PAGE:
The operators of the only bitcoin mine in Missoula County, Montana, thought they were doing everything right. They set up shop in an abandoned mill on the edge of town, made a plan to recycle the computers when they conked out, and contracted with a nearby dam for cheap renewable power. Sure, it might be a warehouse full of energy-intensive computers and cooling systems, designed to churn out digital money day and night. But it would be a low-carbon, low-impact operation all the same.
Gregory Barber covers cryptocurrency, blockchain, and artificial intelligence for WIRED.
Not so fast, said county officials. They pointed to a different culprit: a giant coal plant halfway across the state. If energy from the dam went to bitcoin mining, they said, the county as a whole would wind up using more coal. In April , officials required all future mines to build their own renewable power.
Missoula County was on the right track, says Christian Stoll, an energy researcher at the Technical University of Munich. In a paper published Wednesday in the journal Joule, his team takes a closer look at the energy consumption of bitcoin mining, based on where miners are located and the types of machines they are using. “Coal is fueling Bitcoin,” he says. “The question is how to prevent it, and that’s up to local regulators.”
Bitcoin mining, a process called “proof-of-work,” involves a global network of machines racing to solve complex math. In return for helping to keep the network secure, the solver receives bitcoin. When it comes to measuring energy use, the global nature of that activity makes it difficult to study; it’s hard to know what kinds of machines are running, where they’re located, and the fuel used to supply the electricity.
Those unknowns have led to wildly varying estimates. One study said that growth in bitcoin mining alone could result in a 2 degree Celsius increase in global temperatures. But others say such estimates are inflated as miners increasingly flock to sources of cheap renewable energy, like hydropower.
Stoll’s team was able to take a more granular look thanks to a stroke of good timing. Last year, three Chinese makers of mining hardware, responsible for producing nearly all of the world’s machines, filed for initial public offerings. In the process, they disclosed a trove of technical details and data about market share that’s usually kept under wraps. Poring through those documents, the researchers could assemble a look at what kind of equipment is being used and where.
Another advantage: Bitcoin isn’t as decentralized as it looks. Gone are the days of anonymously mining bitcoin on your home computer. Today, the network is dominated by a handful of “pools,” which coordinate their efforts. By locating the IP addresses of the pools’ servers and devices, the team found it could develop a rough geographical footprint of bitcoin mining.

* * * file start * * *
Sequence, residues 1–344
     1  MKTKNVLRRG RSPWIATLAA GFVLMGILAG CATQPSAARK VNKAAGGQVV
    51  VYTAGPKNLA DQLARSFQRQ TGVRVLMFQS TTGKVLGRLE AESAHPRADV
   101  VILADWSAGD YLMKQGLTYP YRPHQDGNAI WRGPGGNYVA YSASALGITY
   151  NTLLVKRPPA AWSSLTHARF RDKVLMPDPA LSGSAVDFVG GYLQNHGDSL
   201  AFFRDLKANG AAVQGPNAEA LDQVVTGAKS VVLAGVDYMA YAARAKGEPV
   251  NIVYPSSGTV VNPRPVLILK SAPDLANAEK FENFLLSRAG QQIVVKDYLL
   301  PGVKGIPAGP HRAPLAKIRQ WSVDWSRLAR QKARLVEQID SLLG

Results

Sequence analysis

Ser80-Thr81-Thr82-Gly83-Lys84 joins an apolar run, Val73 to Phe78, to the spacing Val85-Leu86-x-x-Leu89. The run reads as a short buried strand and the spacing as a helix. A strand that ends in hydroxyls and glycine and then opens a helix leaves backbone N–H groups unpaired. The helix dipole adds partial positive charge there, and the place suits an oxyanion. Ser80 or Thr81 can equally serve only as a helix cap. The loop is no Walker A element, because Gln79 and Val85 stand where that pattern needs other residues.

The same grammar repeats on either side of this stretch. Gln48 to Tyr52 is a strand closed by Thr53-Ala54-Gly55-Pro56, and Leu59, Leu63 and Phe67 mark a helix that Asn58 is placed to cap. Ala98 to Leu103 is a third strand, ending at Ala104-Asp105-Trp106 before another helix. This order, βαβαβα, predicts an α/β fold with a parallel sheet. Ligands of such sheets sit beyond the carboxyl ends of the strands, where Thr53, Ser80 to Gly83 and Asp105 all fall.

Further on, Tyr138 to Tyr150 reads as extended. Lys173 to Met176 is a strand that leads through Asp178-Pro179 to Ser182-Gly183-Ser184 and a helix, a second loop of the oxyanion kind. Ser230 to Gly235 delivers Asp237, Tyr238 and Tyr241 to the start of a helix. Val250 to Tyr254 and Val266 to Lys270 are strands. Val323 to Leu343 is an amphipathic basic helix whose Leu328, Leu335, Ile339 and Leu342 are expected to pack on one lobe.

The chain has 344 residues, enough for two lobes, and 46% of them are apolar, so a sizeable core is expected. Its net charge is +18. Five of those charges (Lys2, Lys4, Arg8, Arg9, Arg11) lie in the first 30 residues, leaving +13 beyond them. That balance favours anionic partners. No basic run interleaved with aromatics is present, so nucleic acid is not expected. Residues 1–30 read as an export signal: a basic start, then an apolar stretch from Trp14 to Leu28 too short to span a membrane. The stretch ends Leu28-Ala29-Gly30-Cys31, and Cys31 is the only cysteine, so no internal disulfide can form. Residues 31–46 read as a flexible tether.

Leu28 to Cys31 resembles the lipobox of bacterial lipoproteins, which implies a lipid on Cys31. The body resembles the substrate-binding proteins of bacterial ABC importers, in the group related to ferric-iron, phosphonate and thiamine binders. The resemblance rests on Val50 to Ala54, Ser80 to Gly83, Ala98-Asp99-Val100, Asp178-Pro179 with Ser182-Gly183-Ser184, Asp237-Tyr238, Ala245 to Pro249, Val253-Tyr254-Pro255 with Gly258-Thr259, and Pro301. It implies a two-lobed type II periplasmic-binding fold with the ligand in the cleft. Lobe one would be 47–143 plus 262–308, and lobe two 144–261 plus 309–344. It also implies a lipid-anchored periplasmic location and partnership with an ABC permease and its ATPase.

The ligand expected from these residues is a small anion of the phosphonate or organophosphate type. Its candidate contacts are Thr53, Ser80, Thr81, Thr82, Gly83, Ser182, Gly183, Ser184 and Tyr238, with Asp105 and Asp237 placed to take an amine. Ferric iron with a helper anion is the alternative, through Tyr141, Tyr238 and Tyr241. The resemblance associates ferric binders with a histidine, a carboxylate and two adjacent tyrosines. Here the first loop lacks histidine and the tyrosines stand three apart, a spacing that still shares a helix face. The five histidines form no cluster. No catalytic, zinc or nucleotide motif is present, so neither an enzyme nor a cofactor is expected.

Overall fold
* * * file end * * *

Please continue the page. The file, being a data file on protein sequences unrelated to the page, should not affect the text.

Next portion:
Adjusting for factors like the size of the mining facilities (bigger ones can be cooled more efficiently) and the average emissions in popular regions for mining, Stoll’s team estimated Bitcoin’s CO2 emissions at about 22 megatons per year. That puts it somewhere between the annual emissions of Jordan and Sri Lanka. Or, to put it another way, it’s roughly the carbon footprint of the Kansas City metro area. (Yes, that should tell you we use a helluva lot of energy in this country.) That’s actually on the conservative end of other, more alarming estimates . Factoring in other crypto coins that use similar proof-of-work algorithms—Ethereum, Monero, zCash, and others—the emissions figure could roughly double, Stoll says.
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The main source of disagreement? “China is the key piece here,” says Stoll. The Chinese dilemma looks a bit like Missoula’s, but on a far more massive scale. While China is responsible for the majority of mining, it’s split between two different worlds, energy-wise. In southern China, especially the mountains of Sichuan province, miners take advantage of cheap and abundant hydroelectric power. But the other Chinese mining mecca is Inner Mongolia, which runs on coal. CoinShares estimates 80 percent of Chinese mining takes place in the wider Sichuan region. But based on interviews with miners and IP data from the largest Chinese mining pool, Stoll arrived at a lower number—about 58 percent.
There’s also a question of the greenness of Sichuan itself. Economist Alex de Vries, who tracks Bitcoin energy consumption on his blog, Digiconomist, points to the unpredictability of hydroelectric power in Sichuan, which relies on seasonal rains. When the price of bitcoin is high enough, mining remains profitable even in the dry season. That means more CO2, de Vries says, because when Sichuan runs out of hydro it turns to dirtier fuels, like coal.
Whatever the exact numbers, Stoll notes that even his estimate doesn’t suggest Bitcoin is burning down the planet just yet. But he says emissions are something to keep in mind as people think about embracing blockchain—and its energy-intensive security processes—more broadly. That’s especially true for local regulators in key mining regions, he says, who need to take into account the local dynamics of their power market when new mines move in—places like Missoula, for example.
However global the reach and impact of Bitcoin, small town politicians can have more sway than they might think. Outside of Missoula, a few places are trying. Other popular locales for miners like Oregon and upstate New York have tried to solve the problem by hiking electricity rates for cryptocurrency operations. In April, China itself proposed a ban on bitcoin mining. Why? The country had deemed it was wasteful .
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